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Genetic Monitoring and Screening in the Workplace

Genetic Monitoring and Screening in the Workplace

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Published by Chris Nash
During the past three decades, our understanding of genetics has advanced remarkably as new methods for identifying, manipulating, and analyzing deoxyribonucleic acid (DNA) have developed. Less well understood, however, is the interaction between the environment and heredity, and the roles each plays in sickness and health. It has long been recognized that genetic risks are associated with certain workplace environments, such as exposure to radiation or certain chemicals. Recognition of genetic factors in disease presents new opportunities for detection, prevention, and treatment. This concept has provoked debate in recent years about whether genetic monitoring and screening of workers to identify outwardly healthy individuals (or populations) at risk for or susceptible to a variety of work-related conditions is appropriate or even feasible.

Genetic monitoring and screening have the potential to significantly change the workplace by detecting both occupational and nonoccupational diseases. They can identify genetic abnormalities which may be associated with inherited diseases, susceptibilities, and traits in otherwise healthy, asymptomatic individuals. The ability to diagnose latent conditions (both occupationally and nonoccupationally related) through genetic monitoring and screening raises policy questions about the proper use of such technologies.
During the past three decades, our understanding of genetics has advanced remarkably as new methods for identifying, manipulating, and analyzing deoxyribonucleic acid (DNA) have developed. Less well understood, however, is the interaction between the environment and heredity, and the roles each plays in sickness and health. It has long been recognized that genetic risks are associated with certain workplace environments, such as exposure to radiation or certain chemicals. Recognition of genetic factors in disease presents new opportunities for detection, prevention, and treatment. This concept has provoked debate in recent years about whether genetic monitoring and screening of workers to identify outwardly healthy individuals (or populations) at risk for or susceptible to a variety of work-related conditions is appropriate or even feasible.

Genetic monitoring and screening have the potential to significantly change the workplace by detecting both occupational and nonoccupational diseases. They can identify genetic abnormalities which may be associated with inherited diseases, susceptibilities, and traits in otherwise healthy, asymptomatic individuals. The ability to diagnose latent conditions (both occupationally and nonoccupationally related) through genetic monitoring and screening raises policy questions about the proper use of such technologies.

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Categories:Types, School Work
Published by: Chris Nash on Jul 26, 2008
Copyright:Attribution Non-commercial

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09/06/2012

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Genetic Monitoring and Screening in theWorkplace
October 1990
OTA-BA-455NTIS order #PB91-105940
 
Recommended Citation:
U.S. Congress, Office of Technology Assessment,
Genetic Monitoring and Screening in the
Workplace, OTA-BA-455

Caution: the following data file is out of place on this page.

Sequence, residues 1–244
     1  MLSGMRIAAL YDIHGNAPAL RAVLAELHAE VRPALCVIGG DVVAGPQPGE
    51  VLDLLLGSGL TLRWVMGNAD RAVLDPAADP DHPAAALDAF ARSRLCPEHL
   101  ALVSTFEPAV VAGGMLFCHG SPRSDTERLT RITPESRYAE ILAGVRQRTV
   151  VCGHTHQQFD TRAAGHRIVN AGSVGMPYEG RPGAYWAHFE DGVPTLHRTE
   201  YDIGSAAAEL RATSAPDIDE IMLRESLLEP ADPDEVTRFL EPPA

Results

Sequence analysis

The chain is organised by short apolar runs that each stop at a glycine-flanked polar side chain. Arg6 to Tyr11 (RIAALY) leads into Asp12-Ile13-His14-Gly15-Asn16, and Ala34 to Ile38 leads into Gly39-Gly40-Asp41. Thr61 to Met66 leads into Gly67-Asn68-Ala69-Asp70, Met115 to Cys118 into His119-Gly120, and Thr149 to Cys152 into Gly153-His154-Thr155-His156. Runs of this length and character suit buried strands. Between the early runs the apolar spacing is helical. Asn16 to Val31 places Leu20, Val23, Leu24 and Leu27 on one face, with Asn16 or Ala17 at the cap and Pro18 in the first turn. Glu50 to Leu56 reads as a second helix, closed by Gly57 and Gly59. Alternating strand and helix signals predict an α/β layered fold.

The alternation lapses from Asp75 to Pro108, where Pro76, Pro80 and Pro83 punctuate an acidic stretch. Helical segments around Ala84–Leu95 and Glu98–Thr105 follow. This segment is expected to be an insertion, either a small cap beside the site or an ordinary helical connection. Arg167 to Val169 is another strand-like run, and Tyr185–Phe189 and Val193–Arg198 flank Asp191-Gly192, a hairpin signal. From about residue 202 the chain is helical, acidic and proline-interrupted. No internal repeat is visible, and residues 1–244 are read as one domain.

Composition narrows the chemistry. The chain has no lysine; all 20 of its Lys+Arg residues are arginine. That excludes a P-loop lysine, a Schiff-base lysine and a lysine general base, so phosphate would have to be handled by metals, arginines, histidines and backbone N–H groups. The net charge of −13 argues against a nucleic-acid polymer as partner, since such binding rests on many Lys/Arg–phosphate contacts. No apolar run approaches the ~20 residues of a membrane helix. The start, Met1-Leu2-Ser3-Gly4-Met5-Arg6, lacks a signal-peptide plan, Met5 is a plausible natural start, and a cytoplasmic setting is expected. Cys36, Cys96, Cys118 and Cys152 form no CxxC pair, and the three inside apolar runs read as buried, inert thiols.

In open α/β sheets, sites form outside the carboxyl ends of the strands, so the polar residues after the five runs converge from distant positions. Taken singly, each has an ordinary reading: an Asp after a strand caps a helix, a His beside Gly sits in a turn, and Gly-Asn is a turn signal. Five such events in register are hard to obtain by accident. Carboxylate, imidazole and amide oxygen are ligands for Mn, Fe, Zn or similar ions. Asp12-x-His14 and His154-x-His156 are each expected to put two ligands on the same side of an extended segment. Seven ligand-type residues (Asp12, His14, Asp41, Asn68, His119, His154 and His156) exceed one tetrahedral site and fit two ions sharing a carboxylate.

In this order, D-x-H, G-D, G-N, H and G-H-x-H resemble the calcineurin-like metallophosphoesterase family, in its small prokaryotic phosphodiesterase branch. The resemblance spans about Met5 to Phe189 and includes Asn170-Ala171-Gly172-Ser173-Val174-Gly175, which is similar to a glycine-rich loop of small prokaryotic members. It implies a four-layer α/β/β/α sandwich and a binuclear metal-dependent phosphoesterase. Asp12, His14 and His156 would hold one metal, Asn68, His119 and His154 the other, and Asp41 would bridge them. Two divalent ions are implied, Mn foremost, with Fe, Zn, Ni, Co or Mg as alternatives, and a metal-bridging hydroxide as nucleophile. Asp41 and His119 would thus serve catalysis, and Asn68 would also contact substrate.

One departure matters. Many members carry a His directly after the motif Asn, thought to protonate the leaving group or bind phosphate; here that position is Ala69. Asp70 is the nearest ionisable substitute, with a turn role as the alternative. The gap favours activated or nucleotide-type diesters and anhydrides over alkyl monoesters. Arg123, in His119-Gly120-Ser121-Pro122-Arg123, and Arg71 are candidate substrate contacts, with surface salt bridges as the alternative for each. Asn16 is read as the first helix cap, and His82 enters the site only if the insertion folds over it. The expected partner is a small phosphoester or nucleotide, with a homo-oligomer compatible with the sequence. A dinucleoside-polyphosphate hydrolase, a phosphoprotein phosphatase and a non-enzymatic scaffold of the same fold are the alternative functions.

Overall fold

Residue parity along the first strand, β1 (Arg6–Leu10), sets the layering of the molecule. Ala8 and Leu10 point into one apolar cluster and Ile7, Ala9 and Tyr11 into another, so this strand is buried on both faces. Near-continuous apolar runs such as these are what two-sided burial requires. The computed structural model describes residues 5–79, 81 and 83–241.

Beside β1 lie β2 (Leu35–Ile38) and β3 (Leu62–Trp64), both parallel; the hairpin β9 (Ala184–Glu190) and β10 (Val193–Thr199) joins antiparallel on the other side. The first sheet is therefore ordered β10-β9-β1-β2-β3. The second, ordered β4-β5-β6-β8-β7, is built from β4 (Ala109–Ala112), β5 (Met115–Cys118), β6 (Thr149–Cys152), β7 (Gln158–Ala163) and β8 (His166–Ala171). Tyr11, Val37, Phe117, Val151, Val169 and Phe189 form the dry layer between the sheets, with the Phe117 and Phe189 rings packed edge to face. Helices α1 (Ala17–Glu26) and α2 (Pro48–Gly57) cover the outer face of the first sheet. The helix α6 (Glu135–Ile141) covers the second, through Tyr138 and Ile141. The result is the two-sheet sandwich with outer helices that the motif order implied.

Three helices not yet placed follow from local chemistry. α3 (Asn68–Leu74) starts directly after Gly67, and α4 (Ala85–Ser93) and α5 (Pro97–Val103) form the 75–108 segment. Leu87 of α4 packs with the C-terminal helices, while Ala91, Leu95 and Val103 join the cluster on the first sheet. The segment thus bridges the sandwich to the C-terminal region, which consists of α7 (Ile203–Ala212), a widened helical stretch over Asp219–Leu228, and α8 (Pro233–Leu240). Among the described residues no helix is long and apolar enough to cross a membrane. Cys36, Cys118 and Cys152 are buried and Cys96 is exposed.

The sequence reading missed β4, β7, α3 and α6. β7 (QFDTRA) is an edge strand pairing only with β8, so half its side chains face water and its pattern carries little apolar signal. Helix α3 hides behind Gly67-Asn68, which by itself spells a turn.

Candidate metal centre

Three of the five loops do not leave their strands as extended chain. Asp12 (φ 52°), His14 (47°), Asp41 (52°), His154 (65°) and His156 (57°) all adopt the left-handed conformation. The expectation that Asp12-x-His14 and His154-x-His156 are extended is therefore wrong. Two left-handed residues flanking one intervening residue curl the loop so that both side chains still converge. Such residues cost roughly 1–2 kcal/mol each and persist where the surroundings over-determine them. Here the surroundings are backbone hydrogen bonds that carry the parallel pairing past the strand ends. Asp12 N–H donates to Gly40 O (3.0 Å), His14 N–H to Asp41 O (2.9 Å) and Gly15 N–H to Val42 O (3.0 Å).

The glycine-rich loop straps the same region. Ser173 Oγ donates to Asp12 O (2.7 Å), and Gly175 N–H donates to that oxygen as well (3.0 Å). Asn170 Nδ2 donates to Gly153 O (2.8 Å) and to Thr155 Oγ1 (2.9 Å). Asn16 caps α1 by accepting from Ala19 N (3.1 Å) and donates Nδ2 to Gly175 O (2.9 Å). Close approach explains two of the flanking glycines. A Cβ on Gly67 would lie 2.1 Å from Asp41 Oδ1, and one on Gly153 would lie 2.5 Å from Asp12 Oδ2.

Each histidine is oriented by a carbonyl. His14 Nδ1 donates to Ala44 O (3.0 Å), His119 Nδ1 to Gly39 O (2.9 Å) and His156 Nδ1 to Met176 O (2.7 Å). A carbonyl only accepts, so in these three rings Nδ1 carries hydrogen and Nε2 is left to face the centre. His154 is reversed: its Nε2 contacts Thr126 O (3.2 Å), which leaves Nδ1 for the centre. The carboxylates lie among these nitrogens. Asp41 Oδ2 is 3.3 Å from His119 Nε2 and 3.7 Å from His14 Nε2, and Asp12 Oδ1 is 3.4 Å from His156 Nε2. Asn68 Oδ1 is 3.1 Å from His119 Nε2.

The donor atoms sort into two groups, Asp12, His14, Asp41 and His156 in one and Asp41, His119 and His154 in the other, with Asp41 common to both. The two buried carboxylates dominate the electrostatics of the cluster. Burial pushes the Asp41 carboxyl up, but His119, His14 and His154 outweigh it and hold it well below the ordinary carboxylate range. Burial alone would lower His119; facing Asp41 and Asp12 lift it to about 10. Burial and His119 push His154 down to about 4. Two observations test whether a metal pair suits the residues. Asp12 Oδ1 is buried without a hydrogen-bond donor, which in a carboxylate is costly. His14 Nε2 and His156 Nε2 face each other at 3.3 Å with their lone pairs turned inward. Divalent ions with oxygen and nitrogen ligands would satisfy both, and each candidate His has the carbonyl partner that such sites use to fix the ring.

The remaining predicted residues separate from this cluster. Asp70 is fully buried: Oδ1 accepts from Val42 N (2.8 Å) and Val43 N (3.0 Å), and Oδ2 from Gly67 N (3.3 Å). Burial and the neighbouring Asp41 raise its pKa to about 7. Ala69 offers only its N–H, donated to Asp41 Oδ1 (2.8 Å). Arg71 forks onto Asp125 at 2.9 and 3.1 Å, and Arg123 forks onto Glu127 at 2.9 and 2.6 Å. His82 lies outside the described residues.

(Washington, DC: U.S. Government Printing Office, October
1990).
For sale by the Superintendent of DocumentsU.S. Government Printing Office, Washington, DC 20402-9325(order form can be found in the back of this report)
 
Foreword
Genetic monitoring and screening have the potential to significantly change theworkplace by detecting both occupational and nonoccupational diseases. These tests can
identify genetic abnormalities that maybe associated with inherited diseases, susceptibilities,
and traits in otherwise healthy, asymptomatic individuals. The ability to diagnose latentconditions (both occupational and nonoccupational) through genetic monitoring andscreening raises policy questions about the proper use of such technologies. This report
describes the issues associated with genetic monitoring and screening in the workplace. It
examines the technologies used, analyzes the legal framework for the use of such tests,
assesses the ethical issues inherent in the use of these tools in the workplace setting, describes
how genetic information is conveyed by a genetic counselor, and, based on an OTA survey
of 1,500 U.S. companies and the largest unions, evaluates the current and future use of genetic
monitoring and screening in the workplace.
Genetic Monitoring and Screening in the Workplace
was requested by the SenateCommittee on Commerce, Science, and Transportation; House Committee on Energy andCommerce; and the House Committee on Science, Space, and Technology. It was also
endorsed by the Senate Committee on Labor and Human Resources. It illustrates a range of options for action by the U.S. Congress on two central issues:
. the appropriate role of the Federal Government in the regulation, oversight, or
promotion of genetic monitoring and screening; and. the adequacy of federally sponsored research on the relationships between genes and
the environment.
OTA was assisted in preparing this study by a panel of advisors and reviewers selected
for their expertise and diverse points of view on the issues covered in the assessment. Advisory
panelists and reviewers were drawn from industry, academia, labor organizations, legalexperts, scientific and professional organizations, research organizations, and Federal
agencies.OTA gratefully acknowledges the contribution of each of these individuals. As with allOTA assessments, however, responsibility for the content is OTA’s alone.
u
JO~T
H. GIBBONS
 Director 
iii

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